New, multifactor funds help to create diversification and also assist with asset allocation
Pure passive is becoming passé, it seems. So while many investors are likely to remain invested in market cap-weighted ETFs, newer funds to the market are increasingly smart beta, which generally weight a fund’s holdings by something other than market capitalisation. In fact, latest entrants to the ETF market have gone a step beyond that and are more likely to be multifactor funds, which blend aspects such as yield, size, value, momentum, quality and low volatility. This results in an entirely different investment outcome, as it severs index weighting from price.
The topic was part of a rather heated discussion at the inaugural ETF Exchange conference at the JSE earlier this month. And while there are those who argued that introducing smart beta detracts from the simplicity of passive index trackers, you can’t argue with the merit of reducing risk, focusing on consistent dividend payers or improving value.
The Satrix 40 ETF was the first ETF in SA back in 2000, tracking, as the name suggests, the FTSE/JSE Top 40 index. The performance of the ETF is skewed to its largest constituents due to their bigger market capitalisations. So a large part of investors’ exposure is to big industrial groups, including SABMiller and Naspers, while Mondi and Investec are almost negligible in the ETF.
Ten years after the first ETF, Nedbank introduced the BettaBeta EWT 40, which weights all components equally — 2,5% for each of the 40 stocks — thereby reducing investors’ exposure to any single stock. The market cap-weighted Satrix 40 is likely to outperform the BettaBeta when the large industrials do well, such as last year. However, those shares have lost some momentum this year, so the BettaBeta should do better. for the average investor who wants to park his or her money where it will earn a decent return. Detractors say that it’s also not enough for your financial adviser to construct an ETF portfolio using these funds; you need a skilled asset allocator to blend the funds together.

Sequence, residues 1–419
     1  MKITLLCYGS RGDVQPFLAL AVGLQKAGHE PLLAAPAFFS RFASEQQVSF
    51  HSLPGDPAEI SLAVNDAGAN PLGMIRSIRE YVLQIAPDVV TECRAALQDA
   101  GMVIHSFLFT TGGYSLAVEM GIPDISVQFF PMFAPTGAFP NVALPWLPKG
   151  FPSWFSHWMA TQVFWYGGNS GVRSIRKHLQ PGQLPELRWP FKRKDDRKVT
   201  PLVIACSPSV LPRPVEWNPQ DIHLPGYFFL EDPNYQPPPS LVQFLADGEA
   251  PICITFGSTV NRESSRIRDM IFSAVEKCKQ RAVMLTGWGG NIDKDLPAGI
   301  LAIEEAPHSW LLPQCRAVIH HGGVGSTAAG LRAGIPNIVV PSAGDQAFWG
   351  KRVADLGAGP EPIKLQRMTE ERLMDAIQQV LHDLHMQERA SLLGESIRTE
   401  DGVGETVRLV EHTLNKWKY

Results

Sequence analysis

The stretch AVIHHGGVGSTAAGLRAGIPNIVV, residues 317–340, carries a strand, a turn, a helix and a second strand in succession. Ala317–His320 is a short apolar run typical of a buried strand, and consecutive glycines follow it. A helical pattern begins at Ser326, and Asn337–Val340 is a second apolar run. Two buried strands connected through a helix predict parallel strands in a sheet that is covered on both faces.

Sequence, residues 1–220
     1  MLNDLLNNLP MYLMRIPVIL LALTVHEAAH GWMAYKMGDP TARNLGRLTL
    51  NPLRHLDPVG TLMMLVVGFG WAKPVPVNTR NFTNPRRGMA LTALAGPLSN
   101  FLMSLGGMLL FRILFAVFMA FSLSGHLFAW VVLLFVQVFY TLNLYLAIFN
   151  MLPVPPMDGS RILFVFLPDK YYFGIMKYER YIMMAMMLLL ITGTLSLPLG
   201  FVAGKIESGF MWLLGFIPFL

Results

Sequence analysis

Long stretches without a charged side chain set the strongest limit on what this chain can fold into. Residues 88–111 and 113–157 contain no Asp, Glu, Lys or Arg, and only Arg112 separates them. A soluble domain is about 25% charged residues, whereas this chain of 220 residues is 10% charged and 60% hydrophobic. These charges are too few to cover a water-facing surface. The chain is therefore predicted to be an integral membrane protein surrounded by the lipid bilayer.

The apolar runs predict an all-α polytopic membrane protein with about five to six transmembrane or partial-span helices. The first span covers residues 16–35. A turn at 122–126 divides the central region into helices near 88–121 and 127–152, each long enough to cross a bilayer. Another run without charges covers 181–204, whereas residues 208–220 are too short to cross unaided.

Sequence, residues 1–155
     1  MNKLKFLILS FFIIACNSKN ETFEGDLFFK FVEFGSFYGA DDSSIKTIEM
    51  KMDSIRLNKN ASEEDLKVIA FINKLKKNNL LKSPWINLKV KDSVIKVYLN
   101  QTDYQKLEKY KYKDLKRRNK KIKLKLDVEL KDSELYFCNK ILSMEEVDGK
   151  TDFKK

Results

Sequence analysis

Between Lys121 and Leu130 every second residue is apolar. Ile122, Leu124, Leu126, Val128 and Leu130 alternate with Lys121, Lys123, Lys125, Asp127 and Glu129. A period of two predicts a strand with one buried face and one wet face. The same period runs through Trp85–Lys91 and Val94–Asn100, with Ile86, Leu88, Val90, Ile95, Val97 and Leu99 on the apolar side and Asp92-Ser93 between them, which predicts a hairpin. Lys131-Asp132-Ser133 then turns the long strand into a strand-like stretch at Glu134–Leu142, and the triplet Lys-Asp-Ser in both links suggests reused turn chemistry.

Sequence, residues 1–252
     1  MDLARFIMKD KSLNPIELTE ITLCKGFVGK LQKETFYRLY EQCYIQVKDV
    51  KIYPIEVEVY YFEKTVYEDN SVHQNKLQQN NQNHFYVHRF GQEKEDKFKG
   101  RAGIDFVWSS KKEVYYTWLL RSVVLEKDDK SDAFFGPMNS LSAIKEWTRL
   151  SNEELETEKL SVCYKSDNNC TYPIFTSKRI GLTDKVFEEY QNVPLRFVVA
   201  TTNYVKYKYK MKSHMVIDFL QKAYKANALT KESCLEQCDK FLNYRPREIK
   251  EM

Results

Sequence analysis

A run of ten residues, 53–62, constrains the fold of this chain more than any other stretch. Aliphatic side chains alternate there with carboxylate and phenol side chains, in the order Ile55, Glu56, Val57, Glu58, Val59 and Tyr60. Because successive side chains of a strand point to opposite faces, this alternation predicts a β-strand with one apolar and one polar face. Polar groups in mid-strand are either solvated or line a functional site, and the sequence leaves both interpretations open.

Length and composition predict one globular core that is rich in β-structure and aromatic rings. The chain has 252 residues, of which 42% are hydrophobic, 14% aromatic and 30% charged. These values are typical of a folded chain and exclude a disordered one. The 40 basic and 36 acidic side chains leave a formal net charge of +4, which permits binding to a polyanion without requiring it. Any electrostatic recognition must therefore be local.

So, what’s next? Well, according to Deborah Fuhr, co-founder of independent ETF research and consultancy firm ETFGI.com, there’s a move to active ETFs, with the actively managed bond fund of Janus Fund’s Bill Gross — co-founder of Pimco — converted to an ETF. Whether it gains any traction is debatable, particularly for equity-based ETFs, as they are required to be fully transparent, and there are few fund managers who will want to divulge their holdings on a daily basis.
Some firms have requested permission from the US’s Securities and Exchange Commission to introduce nontransparent active ETFs, and a successful application could drive growth in these funds. Essentially, they would be unit trusts listed on the stock market.
As stated at the outset, there will be those investors who are happy to continue investing in the vanilla, market cap-weighted funds, and so they should; smart beta doesn’t always outperform pure beta, and if active ETFs gain traction, they may not either.
What these additional funds do is to add more instruments to the ETF toolbox to help create diversification and also assist with asset allocation.
It’s hoped the exchange conference, held by CoreShares and co-sponsors iTransact, S&P Dow Jones indices and the JSE, will become a regular event on the ETF calendar, drawing on local and international experience and trends in the industry — and creating a forum where issues like these can be thrashed out.
Some firms have requested permission to introduce nontransparent active ETFs